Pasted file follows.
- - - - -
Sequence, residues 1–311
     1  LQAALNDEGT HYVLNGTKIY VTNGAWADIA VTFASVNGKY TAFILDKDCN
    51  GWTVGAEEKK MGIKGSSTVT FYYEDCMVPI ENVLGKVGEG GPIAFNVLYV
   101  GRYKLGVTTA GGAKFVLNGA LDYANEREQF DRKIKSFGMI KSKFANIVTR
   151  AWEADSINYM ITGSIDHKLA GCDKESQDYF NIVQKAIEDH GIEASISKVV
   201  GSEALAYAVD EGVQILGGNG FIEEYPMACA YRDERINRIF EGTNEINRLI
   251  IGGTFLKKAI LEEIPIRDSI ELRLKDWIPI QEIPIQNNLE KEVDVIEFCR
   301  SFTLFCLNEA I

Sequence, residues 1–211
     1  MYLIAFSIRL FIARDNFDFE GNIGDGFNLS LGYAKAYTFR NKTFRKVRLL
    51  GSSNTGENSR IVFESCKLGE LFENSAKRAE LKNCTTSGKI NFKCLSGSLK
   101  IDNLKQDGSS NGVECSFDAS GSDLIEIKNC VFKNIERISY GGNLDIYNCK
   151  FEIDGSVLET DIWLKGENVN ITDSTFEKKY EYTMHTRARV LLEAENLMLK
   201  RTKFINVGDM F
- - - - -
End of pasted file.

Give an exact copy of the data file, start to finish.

Sequence, residues 1–311
     1  LQAALNDEGT HYVLNGTKIY VTNGAWADIA VTFASVNGKY TAFILDKDCN
    51  GWTVGAEEKK MGIKGSSTVT FYYEDCMVPI ENVLGKVGEG GPIAFNVLYV
   101  GRYKLGVTTA GGAKFVLNGA LDYANEREQF DRKIKSFGMI KSKFANIVTR
   151  AWEADSINYM ITGSIDHKLA GCDKESQDYF NIVQKAIEDH GIEASISKVV
   201  GSEALAYAVD EGVQILGGNG FIEEYPMACA YRDERINRIF EGTNEINRLI
   251  IGGTFLKKAI LEEIPIRDSI ELRLKDWIPI QEIPIQNNLE KEVDVIEFCR
   301  SFTLFCLNEA I

Sequence, residues 1–211
     1  MYLIAFSIRL FIARDNFDFE GNIGDGFNLS LGYAKAYTFR NKTFRKVRLL
    51  GSSNTGENSR IVFESCKLGE LFENSAKRAE LKNCTTSGKI NFKCLSGSLK
   101  IDNLKQDGSS NGVECSFDAS GSDLIEIKNC VFKNIERISY GGNLDIYNCK
   151  FEIDGSVLET DIWLKGENVN ITDSTFEKKY EYTMHTRARV LLEAENLMLK
   201  RTKFINVGDM F